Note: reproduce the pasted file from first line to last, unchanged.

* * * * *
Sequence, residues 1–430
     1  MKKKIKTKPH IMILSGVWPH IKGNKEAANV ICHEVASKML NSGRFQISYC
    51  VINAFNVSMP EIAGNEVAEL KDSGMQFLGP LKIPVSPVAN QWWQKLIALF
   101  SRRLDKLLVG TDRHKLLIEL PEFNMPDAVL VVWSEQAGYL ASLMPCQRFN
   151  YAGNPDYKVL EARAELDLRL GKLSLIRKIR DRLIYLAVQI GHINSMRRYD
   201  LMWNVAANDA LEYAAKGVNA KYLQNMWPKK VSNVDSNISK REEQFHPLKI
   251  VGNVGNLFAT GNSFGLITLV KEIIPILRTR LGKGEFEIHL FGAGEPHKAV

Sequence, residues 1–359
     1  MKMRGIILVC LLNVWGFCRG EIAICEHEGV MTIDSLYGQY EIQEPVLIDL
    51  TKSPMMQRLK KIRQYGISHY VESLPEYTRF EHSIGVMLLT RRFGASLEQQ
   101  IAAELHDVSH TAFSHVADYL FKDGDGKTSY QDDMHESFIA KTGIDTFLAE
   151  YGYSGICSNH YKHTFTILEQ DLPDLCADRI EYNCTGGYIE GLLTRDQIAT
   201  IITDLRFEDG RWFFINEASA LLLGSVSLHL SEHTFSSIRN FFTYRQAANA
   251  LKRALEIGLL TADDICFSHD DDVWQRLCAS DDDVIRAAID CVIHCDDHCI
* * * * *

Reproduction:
Sequence, residues 1–430
     1  MKKKIKTKPH IMILSGVWPH IKGNKEAANV ICHEVASKML NSGRFQISYC
    51  VINAFNVSMP EIAGNEVAEL KDSGMQFLGP LKIPVSPVAN QWWQKLIALF
   101  SRRLDKLLVG TDRHKLLIEL PEFNMPDAVL VVWSEQAGYL ASLMPCQRFN
   151  YAGNPDYKVL EARAELDLRL GKLSLIRKIR DRLIYLAVQI GHINSMRRYD
   201  LMWNVAANDA LEYAAKGVNA KYLQNMWPKK VSNVDSNISK REEQFHPLKI
   251  VGNVGNLFAT GNSFGLITLV KEIIPILRTR LGKGEFEIHL FGAGEPHKAV

Sequence, residues 1–359
     1  MKMRGIILVC LLNVWGFCRG EIAICEHEGV MTIDSLYGQY EIQEPVLIDL
    51  TKSPMMQRLK KIRQYGISHY VESLPEYTRF EHSIGVMLLT RRFGASLEQQ
   101  IAAELHDVSH TAFSHVADYL FKDGDGKTSY QDDMHESFIA KTGIDTFLAE
   151  YGYSGICSNH YKHTFTILEQ DLPDLCADRI EYNCTGGYIE GLLTRDQIAT
   201  IITDLRFEDG RWFFINEASA LLLGSVSLHL SEHTFSSIRN FFTYRQAANA
   251  LKRALEIGLL TADDICFSHD DDVWQRLCAS DDDVIRAAID CVIHCDDHCI